Five ways consumers fuel the illegal wildlife trade
What motivates someone to pose for photos with a critically endangered slow loris, eat “luxury” shark fin soup or believe that the scales of a pangolin – no more effective than your ground up toe nail – could cure their arthritis?
According to an Oxford and Stirling University study, it mostly boils down to five overarching motivations: “experiential”, “social”, “functional”, “financial”, and “spiritual”.
Although the authors are wary of pigeonholing consumers who may be driven by “multiple motivations”, they hope that if conservationists can better understand what drives people to buy, consume or exploit wild species, it can help them design solutions to stop them.
Most conservation efforts currently focus on restricting supply through trade bans, improved customs checks and anti-poaching measures. But according to the study, there are “considerable knowledge gaps in understanding the diversity of consumer motivations” when it comes to the complex and diverse illegal wildlife trade.
Pleasure, novelty or just curiosity motivates some wildlife consumers, say the authors. This could include using wildlife products as part of a leisure activity; pleasing the senses with things that look, smell or feel nice such as the feel or texture of animal fur.
Hobbyist orchid collectors in China, who value their beauty and colour over whether they’ve been illegally supplied from the wild, could be grouped in this category. But there are solutions. The authors propose artificially breeding legal orchids to make them more attractive – or more colourful – to consumers, thereby reducing the incentive to buy wild ones.
For others, social relationships – or the desire to form or strengthen them – are found to be a powerful motivator. For the authors, this could include “conspicuous consumption to impress peers”, where a product’s expense signals the social class of the possessor – something known as the “snob effect” in economics.
Rich businessmen in Vietnam who buy expensive, illegal rhino horn to enhance their status among colleagues and clients are a prime example of this, says the study.
A potential solution, it points out, could be an increase in campaigns such as the ongoing Chi Campaign, to persuade businessmen that “success comes from within”, that they do not need to rely on external products to impress others.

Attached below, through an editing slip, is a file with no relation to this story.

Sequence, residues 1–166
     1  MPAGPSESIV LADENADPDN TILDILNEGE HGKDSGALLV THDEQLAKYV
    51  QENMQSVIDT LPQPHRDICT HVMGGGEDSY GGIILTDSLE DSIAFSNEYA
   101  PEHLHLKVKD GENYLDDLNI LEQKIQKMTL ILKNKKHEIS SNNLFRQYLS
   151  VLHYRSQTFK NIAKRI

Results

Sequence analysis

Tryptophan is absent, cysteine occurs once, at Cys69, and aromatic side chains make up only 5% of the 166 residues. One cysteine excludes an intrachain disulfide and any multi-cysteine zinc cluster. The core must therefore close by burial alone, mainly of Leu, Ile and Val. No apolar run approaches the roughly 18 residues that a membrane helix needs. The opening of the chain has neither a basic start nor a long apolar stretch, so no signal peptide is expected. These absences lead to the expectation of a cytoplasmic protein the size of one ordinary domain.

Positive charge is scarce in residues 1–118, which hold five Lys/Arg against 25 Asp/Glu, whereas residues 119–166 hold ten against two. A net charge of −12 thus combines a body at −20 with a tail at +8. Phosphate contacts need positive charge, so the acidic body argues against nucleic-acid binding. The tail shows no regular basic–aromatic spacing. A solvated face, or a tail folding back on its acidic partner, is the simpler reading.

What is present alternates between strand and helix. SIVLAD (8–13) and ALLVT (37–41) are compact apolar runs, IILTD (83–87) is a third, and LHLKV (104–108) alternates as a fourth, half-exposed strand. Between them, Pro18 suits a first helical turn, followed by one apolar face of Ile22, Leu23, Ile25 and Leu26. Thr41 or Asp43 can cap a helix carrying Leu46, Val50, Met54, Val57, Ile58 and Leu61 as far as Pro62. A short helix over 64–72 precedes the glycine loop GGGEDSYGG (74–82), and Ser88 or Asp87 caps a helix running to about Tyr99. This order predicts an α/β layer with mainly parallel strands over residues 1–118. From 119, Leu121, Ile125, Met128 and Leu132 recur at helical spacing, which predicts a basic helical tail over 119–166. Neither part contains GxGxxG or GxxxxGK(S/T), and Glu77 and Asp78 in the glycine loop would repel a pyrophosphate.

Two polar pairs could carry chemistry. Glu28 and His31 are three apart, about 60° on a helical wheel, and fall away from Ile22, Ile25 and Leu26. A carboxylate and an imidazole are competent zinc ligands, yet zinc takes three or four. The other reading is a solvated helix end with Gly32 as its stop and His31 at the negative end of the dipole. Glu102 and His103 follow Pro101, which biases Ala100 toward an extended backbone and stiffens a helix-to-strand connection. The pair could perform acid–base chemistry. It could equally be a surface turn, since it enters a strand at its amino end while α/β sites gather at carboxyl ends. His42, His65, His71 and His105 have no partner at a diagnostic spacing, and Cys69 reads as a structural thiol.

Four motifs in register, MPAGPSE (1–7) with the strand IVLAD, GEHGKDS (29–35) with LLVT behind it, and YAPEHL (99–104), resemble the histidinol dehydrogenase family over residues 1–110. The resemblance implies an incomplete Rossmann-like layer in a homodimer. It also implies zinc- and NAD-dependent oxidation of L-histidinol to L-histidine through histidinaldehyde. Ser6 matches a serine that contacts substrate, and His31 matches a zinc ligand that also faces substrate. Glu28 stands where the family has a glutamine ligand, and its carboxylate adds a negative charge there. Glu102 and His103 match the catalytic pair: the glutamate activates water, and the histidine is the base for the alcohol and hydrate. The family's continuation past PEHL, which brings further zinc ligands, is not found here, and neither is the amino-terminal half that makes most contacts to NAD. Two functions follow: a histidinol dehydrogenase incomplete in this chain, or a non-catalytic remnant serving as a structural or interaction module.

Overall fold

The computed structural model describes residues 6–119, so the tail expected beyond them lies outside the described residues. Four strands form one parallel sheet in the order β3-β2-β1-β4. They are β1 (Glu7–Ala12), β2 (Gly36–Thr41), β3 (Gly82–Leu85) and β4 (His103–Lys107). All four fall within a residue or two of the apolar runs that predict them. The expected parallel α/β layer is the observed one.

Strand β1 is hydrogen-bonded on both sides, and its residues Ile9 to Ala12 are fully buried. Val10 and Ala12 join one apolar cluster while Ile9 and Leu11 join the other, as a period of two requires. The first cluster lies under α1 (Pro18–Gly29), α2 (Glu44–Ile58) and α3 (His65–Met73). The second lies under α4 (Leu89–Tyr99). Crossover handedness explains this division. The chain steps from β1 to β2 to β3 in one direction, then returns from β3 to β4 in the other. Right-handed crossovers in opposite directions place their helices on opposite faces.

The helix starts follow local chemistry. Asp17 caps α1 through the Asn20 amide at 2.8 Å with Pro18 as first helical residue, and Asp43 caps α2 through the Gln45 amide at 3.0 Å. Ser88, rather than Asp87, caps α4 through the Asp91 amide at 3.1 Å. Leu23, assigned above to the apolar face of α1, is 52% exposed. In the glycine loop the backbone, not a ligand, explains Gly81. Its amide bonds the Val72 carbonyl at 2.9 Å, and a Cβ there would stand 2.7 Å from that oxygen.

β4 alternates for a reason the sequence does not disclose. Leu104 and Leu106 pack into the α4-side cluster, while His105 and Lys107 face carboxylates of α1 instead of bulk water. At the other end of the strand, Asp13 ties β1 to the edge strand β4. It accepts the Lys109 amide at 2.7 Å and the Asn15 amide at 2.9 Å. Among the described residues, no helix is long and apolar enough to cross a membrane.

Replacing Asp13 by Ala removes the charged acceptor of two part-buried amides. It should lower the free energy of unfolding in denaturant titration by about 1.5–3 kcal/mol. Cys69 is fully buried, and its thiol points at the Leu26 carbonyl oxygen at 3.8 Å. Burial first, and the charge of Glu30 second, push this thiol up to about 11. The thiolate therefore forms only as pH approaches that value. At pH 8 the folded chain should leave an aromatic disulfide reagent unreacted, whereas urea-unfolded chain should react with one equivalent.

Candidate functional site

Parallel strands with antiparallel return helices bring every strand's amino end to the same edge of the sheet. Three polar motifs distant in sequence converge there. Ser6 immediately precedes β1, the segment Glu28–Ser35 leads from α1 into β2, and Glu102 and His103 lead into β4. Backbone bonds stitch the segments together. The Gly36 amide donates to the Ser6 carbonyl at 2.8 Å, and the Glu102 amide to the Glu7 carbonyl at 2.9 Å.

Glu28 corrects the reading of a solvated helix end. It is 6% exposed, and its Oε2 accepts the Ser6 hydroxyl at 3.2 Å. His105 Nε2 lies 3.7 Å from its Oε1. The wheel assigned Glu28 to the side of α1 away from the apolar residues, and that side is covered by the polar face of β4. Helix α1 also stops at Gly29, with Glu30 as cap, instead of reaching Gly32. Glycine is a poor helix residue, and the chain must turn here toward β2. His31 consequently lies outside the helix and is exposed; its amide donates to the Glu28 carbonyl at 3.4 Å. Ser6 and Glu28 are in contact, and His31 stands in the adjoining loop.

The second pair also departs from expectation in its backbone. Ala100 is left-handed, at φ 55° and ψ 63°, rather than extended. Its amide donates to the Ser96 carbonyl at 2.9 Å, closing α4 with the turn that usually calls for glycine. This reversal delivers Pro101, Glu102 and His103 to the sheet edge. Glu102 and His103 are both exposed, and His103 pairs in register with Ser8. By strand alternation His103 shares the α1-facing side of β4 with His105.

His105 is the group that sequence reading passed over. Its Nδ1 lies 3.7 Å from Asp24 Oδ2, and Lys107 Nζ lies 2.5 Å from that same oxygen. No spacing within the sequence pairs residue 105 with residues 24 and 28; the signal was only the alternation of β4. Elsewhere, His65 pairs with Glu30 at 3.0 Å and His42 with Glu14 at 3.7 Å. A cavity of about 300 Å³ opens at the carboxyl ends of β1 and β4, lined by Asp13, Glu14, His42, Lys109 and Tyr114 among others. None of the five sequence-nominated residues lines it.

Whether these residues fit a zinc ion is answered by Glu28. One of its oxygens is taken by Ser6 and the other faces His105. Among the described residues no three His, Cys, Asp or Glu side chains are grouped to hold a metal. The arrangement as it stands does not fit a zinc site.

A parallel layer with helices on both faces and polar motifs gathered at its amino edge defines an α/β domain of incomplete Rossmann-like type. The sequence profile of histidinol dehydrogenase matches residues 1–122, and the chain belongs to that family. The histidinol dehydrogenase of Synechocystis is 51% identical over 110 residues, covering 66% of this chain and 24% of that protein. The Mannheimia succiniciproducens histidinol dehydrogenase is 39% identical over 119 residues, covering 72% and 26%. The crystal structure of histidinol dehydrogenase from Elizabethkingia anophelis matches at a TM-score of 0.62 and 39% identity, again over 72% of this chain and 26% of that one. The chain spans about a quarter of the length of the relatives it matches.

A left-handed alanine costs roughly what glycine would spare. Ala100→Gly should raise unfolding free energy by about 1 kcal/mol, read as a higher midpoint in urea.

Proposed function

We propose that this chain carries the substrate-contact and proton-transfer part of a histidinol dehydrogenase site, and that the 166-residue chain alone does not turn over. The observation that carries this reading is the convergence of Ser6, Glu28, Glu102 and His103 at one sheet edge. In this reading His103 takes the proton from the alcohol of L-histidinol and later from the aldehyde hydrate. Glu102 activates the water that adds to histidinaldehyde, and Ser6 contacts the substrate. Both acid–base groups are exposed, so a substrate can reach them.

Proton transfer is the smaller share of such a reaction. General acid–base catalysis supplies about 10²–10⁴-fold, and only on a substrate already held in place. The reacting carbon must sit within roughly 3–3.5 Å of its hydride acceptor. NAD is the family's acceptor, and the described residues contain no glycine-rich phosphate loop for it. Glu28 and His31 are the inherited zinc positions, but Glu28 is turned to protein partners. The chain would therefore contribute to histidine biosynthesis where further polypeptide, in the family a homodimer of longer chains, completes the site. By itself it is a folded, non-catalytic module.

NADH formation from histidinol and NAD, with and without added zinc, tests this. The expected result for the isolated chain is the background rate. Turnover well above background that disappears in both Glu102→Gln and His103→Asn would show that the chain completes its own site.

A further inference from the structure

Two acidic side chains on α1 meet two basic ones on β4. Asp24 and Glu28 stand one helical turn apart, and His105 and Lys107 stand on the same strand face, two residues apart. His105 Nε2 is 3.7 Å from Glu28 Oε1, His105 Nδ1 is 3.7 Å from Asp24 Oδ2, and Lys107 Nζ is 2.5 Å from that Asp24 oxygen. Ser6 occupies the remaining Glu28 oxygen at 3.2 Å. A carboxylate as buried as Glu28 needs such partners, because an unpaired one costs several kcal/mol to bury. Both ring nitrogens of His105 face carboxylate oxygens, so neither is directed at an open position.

Everyday purposes such as consuming wildlife for food or medicine, using wild-collected materials for building, using animals for labour or using wood such as acacia for fuel are another motivation.
The authors highlight this with the example of dried seahorses which are falsely used to treat a variety of ailments in China and Taiwan, including sexual dysfunction, difficult childbirth and arthritis.
If the traditional-medicine community were properly engaged with, the authors believe a voluntary code of conduct could be established that focuses on sustainable trade, such as refusing to import small or pregnant seahorses.
Financial gain such as buying a wildlife product to profit from it, either immediately or as an investment for the future, is another huge motivational factor. Examples include vendors in Turkey and other tourist destinations that use slow lorises as props in photo opportunities.
To combat this, the authors suggest legal enforcement and sanctioning people caught peddling endangered wildlife. This happened after the pop star Rihanna tweeted a selfie with a slow loris while on holiday in Thailand; local police raided a group of wildlife touts and made two arrests.
Lastly, spiritual needs, or the need to bring protection, luck, or fortune in business and life can unnecessarily prop up wildlife trade. This can include using wildlife products to enhance spiritual wellbeing, religious practices, performing rituals or traditions.
The Lansan tree resin, used to make incense for religious services in the Caribbean island of St Lucia is an example of this. Overexploitation for resin means the tree is disappearing from the few Caribbean islands that make up its native range but authorities could work with harvesters to develop sustainable harvesting techniques, propose the authors.
While there are a multitude of factors that contribute to the continuation of illegal wildlife trafficking, if consumers don’t buy into these products or animals then trade will ultimately cease. Wildlife must no longer be seen as a commodity, but a fundamental part of an ecosystem on which we too ultimately depend on.
If you see wildlife or wildlife products being advertised online, report it. If you know anyone who purchases these products report them and, most importantly, talk to them. Education is the first step to tackling this. Help reconnect them with nature and help them understand our dependence on it. Be patient and point them to peer-led reports which can help them understand what they’re actually buying into. Spread the word.
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